Good News for Industrial Sector, Rust Belt

Joel Kotkin says manufacturing – and the auto industry – are making a comeback. The author and geographer details new impressive numbers for Indiana and Midwest industrial cities. Kotkin will offer these findings and much more to the Indiana Vision 2025 task force and Indiana Chamber board members during a work session next week. Forbes reports:

Manufacturing has grown consistently over the past 21 months, and now, for the first time in years, according to data mined by Pepperdine University’s Michael Shires, manufacturing regions are beginning to move up on our list of best cities for jobs.

The fastest-growing industrial areas include four long-suffering Rust Belt cities Anderson, Ind. (No. 4), Youngstown, Ohio (No. 5), Lansing, Mich. (No. 9) and Elkhart-Goshen, Ind. (No. 10). The growth in these and other industrial areas influenced, often dramatically, their overall job rankings. Elkhart, for example, rose 137 places, on our best cities for jobs list; and Lansing moved up 155. Other industrial areas showing huge gains include Niles-Benton Harbor, Mich., up 242 places, Holland-Grand Haven, Mich., (up 172),  Grand Rapids, Mich., (up 167)   Kokomo Ind., (up 177) ; and Sandusky, Ohio, (up 128).

Industrial growth also affected some of the largest metros, whose economies in other areas, such as business services, often depend on customers from the industrial sector. Economist Hank Robison, co-founder of the forecasting firm EMSI, points out that manufacturing jobs — along with those in the information sector — are unique in creating high levels of value and jobs across other sectors in the economy.  They constitute a foundation upon which other sectors, like retail and government, depend on.

“700 Tons of Metal a Day; Now Sir, You’re Tellin’ Me the World’s Changed?”

Kind of a random headline for this blog, but when I can work a Springsteen lyric (from "Youngstown") into a headline, I’ll do it every time. Governing tells the story of how rust belt cities are rebounding, citing Youngstown, Ohio as a prime example.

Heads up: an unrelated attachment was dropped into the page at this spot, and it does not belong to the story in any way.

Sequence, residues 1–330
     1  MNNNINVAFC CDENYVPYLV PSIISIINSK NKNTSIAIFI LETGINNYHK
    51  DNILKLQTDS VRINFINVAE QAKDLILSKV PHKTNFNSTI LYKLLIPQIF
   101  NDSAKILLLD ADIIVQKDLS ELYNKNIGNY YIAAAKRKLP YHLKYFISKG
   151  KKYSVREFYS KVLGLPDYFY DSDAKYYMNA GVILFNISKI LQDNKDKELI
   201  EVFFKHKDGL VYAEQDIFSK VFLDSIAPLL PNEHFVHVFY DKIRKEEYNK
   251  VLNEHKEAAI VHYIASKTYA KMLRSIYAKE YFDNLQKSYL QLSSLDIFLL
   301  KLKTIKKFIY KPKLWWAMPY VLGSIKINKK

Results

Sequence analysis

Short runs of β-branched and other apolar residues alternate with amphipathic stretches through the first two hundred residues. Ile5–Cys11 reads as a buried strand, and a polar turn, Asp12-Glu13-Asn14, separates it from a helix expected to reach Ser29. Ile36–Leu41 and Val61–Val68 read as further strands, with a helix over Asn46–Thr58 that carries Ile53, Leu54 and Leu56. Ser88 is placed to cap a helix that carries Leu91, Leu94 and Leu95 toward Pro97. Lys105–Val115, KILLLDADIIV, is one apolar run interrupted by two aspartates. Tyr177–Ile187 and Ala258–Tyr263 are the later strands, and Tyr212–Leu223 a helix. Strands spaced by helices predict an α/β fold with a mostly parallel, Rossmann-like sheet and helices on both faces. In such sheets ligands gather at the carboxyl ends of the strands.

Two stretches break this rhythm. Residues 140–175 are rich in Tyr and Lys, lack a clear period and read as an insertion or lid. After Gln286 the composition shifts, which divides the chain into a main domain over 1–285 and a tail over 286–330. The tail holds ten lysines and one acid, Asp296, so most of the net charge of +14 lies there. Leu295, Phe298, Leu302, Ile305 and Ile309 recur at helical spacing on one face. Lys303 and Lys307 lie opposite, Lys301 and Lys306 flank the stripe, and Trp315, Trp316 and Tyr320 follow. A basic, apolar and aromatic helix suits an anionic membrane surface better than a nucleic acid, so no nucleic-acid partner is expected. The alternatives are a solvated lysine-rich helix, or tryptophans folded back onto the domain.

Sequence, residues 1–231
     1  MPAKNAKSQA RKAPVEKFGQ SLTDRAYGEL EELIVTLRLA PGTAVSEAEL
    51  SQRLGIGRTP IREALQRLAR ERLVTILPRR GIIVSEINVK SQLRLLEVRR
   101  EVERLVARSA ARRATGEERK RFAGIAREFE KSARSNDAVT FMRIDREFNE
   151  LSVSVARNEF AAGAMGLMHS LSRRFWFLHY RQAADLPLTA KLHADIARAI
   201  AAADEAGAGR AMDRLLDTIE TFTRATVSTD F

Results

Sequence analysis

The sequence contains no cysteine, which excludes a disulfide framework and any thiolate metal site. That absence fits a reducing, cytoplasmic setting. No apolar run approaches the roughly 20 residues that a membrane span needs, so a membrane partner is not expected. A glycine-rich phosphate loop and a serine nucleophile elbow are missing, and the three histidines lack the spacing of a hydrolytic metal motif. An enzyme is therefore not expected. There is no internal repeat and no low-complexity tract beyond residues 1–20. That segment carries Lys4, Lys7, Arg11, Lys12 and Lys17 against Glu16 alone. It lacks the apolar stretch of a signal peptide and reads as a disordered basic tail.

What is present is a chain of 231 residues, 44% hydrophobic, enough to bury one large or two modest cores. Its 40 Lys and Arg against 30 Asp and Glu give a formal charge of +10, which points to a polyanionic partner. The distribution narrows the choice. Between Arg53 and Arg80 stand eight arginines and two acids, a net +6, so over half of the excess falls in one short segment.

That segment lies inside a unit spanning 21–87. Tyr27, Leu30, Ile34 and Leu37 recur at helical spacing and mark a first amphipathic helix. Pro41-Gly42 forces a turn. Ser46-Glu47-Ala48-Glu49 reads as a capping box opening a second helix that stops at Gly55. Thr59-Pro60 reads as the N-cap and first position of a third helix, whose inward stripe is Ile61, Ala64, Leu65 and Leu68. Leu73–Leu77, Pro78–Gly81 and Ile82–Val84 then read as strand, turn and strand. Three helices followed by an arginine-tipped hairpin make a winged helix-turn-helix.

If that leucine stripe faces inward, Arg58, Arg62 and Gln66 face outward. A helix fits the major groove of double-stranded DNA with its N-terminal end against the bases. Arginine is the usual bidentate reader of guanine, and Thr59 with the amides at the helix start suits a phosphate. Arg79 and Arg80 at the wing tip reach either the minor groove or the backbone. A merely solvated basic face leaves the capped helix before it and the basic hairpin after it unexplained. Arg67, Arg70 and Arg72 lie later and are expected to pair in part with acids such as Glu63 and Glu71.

The "rust is chic" movement has been around for a while, but thanks to blogs and online magazines, such as, a certain fascination with places that have fallen on hard times like the Rust Belt — which stretches from the Midwest through the mid-Atlantic and up into the Northeast — has taken hold. Part of it is the scruffy, industrial look. It may also be a rejection of cities with gleaming condo towers, bistros and boutiques that were once so trendy yet now seem so frothy and fake in the wake of the economic meltdown.

But the other fascination is the defiance these Rust Belt cities have shown. Many of them, such as the gritty cities Bourdain visits, reflect a rebellious attitude. Youngstown, Ohio, has to be the poster child of this stance. Once part of America’s steel manufacturing hub, Youngstown went into a death spiral as the industry collapsed in the mid-1970s. Today, Youngstown’s population is 75,000, less than half of its original size, and is 43 percent vacant.

Yet nearly 10 years ago, the city made the bold decision to embrace its new shrunken state rather than put time and money into trying to grow back. Public officials created a master plan, called Youngstown 2010, that envisioned a smaller, but thriving city with a more diversified economy. Indeed by 2010, certain elements of what Youngstown could become were falling into place.

The downtown area has come back to life, and more importantly, economic development has begun to take hold, delivering an interesting range of jobs to the area. The Youngstown Business Incubator (YBI) has played a key role, providing free or reduced rent and equipment to startup software companies. Ohio provides a large chunk of the YBI’s funding, and the payoff so far is about 300 technology jobs.